The drinks are positioned as a healthy alternative to soda and make claims including that its drinks variously reduce the risk of chronic disease, reduce the risk of eye disease, promote healthy joints, and support optimal immune function. Buzzwords like the “power of triple antioxidants to help keep you healthy and fight free radicals” and “it is definitely au naturel” are included.
Statements like that might make a buyer assume that the product is, I don’t know, filled with powerful antioxidents. And, I don’t know, healthy?
In reality, VitaminWater has a lot of added sugar (about the same as a can of soda) and contains between zero and less than 1 percent juice (depending on the flavor) thus doing more to promote obesity and diabetes than fix health problems.
Saying that a food is “natural” is meaningless when it comes to health. Both Salmonella bacteria and arsenic are natural but you wouldn’t want to drink them.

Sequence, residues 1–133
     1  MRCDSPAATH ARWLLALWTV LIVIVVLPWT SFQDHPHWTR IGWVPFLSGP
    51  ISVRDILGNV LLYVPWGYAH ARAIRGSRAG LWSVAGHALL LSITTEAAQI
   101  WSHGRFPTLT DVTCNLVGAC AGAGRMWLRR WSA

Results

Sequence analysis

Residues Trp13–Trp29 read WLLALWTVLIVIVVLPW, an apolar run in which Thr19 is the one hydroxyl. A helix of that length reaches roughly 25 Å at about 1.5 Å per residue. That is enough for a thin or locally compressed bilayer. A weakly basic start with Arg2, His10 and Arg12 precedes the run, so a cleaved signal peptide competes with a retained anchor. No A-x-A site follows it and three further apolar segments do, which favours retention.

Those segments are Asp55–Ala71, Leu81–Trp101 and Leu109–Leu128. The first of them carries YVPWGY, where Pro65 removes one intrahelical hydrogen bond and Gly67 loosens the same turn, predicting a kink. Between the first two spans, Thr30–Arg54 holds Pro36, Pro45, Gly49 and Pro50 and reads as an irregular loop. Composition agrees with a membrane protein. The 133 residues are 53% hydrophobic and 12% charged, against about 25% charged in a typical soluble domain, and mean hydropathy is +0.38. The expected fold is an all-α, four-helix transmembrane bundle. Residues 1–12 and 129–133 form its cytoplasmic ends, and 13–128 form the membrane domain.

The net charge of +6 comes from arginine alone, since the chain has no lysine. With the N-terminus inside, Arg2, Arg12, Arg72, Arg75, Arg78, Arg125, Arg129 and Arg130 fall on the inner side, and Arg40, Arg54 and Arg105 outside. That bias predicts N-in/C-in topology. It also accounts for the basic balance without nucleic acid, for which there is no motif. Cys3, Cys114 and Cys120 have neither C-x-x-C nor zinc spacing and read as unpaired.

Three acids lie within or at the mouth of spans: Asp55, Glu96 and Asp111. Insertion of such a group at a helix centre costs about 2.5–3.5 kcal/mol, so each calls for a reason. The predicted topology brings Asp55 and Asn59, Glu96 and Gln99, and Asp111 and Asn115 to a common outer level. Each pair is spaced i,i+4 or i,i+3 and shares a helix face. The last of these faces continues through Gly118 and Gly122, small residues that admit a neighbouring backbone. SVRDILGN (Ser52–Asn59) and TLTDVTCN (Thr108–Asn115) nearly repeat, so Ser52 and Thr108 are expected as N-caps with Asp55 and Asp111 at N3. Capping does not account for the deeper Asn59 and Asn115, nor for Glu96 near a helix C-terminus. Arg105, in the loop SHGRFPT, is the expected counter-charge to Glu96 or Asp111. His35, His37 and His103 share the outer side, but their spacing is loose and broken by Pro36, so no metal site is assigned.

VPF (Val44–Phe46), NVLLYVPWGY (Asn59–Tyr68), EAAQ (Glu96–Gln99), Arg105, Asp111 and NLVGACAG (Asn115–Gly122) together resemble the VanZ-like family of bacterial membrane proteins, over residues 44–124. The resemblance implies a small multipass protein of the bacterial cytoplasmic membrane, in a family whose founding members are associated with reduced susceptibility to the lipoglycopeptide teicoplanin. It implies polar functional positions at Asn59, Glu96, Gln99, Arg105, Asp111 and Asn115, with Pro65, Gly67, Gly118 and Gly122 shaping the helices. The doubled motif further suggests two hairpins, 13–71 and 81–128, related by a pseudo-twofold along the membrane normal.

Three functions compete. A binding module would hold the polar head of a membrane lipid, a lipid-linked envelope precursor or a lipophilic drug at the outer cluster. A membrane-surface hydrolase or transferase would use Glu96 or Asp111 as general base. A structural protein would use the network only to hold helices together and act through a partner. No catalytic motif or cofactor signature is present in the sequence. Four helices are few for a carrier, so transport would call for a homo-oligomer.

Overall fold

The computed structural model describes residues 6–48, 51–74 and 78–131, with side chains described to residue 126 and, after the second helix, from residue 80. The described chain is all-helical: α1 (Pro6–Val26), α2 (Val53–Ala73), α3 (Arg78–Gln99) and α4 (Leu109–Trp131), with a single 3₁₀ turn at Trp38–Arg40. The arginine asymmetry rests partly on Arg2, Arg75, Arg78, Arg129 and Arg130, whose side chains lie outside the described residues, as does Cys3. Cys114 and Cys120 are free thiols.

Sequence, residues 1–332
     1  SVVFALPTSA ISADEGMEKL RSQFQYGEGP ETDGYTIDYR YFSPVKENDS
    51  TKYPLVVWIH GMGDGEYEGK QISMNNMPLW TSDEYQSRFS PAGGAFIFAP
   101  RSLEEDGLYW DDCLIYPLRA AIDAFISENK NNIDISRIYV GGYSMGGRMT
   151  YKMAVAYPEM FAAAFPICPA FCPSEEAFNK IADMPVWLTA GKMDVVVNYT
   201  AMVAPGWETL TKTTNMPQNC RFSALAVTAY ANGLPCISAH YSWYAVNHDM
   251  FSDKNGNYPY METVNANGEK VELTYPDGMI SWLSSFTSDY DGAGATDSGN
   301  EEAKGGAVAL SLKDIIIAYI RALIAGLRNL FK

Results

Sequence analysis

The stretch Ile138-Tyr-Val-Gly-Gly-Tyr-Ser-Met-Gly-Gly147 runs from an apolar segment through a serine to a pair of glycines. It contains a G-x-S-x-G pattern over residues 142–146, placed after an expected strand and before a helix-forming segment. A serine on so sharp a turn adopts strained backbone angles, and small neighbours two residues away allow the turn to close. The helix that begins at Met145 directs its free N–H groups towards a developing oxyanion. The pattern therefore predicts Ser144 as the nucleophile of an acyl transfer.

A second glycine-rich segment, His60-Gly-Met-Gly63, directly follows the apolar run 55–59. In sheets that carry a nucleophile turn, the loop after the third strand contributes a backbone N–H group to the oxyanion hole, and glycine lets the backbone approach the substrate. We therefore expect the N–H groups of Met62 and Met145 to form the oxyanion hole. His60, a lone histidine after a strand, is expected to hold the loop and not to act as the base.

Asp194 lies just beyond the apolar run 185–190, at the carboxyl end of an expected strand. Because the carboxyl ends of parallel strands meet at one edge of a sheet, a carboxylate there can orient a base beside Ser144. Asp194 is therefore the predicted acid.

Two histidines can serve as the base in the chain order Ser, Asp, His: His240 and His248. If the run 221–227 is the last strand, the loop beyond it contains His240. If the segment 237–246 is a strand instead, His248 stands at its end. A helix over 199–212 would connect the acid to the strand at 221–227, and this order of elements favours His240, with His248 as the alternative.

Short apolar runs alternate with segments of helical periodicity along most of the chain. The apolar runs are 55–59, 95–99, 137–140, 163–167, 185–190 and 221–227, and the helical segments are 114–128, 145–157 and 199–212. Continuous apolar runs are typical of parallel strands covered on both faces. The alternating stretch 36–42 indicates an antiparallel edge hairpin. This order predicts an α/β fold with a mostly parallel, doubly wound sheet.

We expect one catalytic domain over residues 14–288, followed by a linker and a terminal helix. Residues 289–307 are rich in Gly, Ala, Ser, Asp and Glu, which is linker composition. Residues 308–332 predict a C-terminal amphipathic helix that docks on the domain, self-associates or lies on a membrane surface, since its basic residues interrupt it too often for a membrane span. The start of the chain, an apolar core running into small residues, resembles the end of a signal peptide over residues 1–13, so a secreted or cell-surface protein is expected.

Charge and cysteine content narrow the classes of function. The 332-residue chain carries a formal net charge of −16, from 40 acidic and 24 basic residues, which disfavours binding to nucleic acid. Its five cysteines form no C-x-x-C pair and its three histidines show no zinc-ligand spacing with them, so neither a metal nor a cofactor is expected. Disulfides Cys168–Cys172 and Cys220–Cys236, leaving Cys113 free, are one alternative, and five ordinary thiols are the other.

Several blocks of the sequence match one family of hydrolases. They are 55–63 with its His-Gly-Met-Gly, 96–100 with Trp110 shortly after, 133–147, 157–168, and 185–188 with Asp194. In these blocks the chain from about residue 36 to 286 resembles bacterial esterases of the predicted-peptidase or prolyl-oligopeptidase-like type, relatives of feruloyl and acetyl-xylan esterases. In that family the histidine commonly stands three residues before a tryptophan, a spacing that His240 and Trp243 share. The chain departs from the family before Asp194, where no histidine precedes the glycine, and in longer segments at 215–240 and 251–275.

It gets sillier. The VitaminWater flavor ”XXX Blueberry Pomegranate Acai,” for example, contains no blueberry, no pomegranate, and no acai juice. The other flavors lack their claimed namesake’s cranberry, grapefruit, dragon fruit, peach, mango, kiwi, or strawberry juice .
Okay, even if the nutrients listed are in the product that means nothing about the impact it may have on your health. “Vitamins + Water = all you need.” O rly? Recent studies show that the effects a nutrient may have in isolation do not match the effects when the same nutrient is combined synergistically with the other nutrients present in its original, raw, whole food form.
Bottom line it for me Doc, would ya? Sure, faithful blog reader! Thirsty and looking to avoid soda in favor of a healthier beverage? Great. VitaminWater isn’t it. How about just plain water? Want some antioxidants with it? Have a piece of fruit.
Dr. Brett L. Kinsler is a chiropractor in Rochester, NY and is available most days for a drink but not VitaminWater because it’s silly.